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Can a Credit Screening Cost You the Job?

More employers are checking applicants' credit reports before making a hire

An increasing number of states are moving to limit the practice of credit checks to assess potential hires. Nevada, California, Colorado, Connecticut, Hawaii, Maryland, Oregon, Vermont, Washington and Illinois have passed laws — some in the last few years — to curb an employer's ability to use credit screenings.

Nevada's law, which will take effect in October, allows applicants to sue the prospective employer — and force the company to hire them — if they were denied the job because of their credit information.

On the local level, Hartford, Conn., became the first city, in 2011, to adopt a law that prohibits credit screenings on prospective employees of the city government regardless of whether the job requires handling the city's finances. New York may not be far behind. Officials are considering a measure to bar credit screenings for job applicants in government and private industry, even if the positions involve fiscal management or access to sensitive information.

Credit screenings kept Alfred Carpenter, 58, from finding work for three years. He filed for bankruptcy in 2010 due to medical bills related to a knee injury. He had no health insurance at the time because he lost his job as a clothing salesman in New York.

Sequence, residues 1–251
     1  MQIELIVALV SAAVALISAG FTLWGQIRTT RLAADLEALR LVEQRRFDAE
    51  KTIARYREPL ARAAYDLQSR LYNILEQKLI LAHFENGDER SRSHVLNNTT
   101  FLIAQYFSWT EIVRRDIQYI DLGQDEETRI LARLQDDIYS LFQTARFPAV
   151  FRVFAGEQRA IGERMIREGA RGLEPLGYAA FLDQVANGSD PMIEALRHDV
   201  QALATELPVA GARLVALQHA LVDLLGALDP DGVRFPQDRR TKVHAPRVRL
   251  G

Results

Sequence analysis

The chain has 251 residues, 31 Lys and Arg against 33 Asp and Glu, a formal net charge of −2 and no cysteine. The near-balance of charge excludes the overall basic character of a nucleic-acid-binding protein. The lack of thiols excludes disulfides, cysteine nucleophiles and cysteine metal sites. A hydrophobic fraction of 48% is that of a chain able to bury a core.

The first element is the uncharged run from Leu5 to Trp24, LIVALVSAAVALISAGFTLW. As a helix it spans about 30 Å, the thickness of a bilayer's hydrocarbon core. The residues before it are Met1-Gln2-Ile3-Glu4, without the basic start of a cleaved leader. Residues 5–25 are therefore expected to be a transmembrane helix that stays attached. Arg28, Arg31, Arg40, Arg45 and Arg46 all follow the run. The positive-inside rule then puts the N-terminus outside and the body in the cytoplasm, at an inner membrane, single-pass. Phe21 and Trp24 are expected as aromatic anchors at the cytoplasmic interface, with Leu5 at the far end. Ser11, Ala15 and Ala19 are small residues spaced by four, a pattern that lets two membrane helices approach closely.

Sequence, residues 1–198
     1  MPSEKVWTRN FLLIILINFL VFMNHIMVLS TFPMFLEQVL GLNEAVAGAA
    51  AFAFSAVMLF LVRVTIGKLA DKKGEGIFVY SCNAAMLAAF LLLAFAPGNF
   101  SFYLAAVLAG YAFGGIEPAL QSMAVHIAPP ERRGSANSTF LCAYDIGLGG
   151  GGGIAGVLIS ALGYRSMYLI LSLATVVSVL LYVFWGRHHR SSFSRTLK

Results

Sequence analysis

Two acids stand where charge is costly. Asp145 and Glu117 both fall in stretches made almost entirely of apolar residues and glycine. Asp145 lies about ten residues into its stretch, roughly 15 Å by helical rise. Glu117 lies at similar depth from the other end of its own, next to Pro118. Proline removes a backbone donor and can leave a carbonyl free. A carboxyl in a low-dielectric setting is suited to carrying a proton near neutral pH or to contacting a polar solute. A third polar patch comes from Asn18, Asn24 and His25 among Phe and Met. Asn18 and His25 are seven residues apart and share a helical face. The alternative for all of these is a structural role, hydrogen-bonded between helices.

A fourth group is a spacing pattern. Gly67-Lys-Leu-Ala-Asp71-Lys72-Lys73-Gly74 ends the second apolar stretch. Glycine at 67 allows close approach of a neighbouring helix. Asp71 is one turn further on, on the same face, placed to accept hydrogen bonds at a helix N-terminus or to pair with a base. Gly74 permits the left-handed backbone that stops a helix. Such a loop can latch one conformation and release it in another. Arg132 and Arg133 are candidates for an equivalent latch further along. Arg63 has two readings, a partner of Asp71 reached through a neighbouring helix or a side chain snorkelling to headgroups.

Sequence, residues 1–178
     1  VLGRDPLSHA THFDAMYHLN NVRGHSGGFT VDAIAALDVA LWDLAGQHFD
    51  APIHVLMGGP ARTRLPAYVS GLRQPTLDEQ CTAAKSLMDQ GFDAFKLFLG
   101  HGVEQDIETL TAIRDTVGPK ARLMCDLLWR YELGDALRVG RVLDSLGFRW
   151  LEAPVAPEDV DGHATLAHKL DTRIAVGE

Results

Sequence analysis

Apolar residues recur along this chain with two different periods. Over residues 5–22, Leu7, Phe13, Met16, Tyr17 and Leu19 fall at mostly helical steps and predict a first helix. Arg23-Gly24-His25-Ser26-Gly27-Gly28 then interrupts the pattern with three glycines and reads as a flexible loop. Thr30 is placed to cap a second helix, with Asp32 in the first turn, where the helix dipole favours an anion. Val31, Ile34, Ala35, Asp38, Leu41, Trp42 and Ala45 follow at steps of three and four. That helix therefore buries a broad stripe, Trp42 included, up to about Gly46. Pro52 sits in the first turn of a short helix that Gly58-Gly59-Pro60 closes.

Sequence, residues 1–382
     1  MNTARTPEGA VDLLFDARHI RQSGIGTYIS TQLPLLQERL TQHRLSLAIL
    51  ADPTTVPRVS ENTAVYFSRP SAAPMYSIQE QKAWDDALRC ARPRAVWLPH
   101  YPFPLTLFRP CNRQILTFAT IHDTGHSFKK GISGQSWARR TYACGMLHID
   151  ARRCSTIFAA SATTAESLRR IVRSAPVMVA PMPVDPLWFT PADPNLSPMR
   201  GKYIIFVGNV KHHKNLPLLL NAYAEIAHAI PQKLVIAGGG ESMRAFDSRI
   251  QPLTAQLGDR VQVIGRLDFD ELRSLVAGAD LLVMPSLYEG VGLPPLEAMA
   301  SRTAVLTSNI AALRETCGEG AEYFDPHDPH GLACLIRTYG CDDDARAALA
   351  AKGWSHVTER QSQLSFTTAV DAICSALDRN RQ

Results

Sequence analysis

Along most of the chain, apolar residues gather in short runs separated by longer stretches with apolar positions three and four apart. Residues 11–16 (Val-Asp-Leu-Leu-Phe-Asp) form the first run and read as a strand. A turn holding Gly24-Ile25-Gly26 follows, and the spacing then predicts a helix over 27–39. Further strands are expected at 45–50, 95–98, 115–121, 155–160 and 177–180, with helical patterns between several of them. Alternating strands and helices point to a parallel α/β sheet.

When he interviewed for jobs, Carpenter says prospective employers praised his résumé and experience. Then they looked into his credit history and rejected his application. He recently landed a job.

In Pinkston's case, the TSA turned him down for a job because his credit report showed that he was about $16,000 in debt. A TSA rule bars candidates with more than $7,500 in defaulted debt from being hired.

Pinkston says the debt, which had been turned over to two collection agencies, was unfounded. He obtained free legal assistance to correct his credit report but by the time it was fixed, the TSA job was filled. He was told he could apply again when another opening becomes available.

If You're In the Job Market

  • If you're turned down for a job because of negative credit information, make sure the company gives you a copy of the report, which is required by law.
  • It's never too late to improve your credit report: Two quick ways: Pay your bills on time and keep debt to a minimum.

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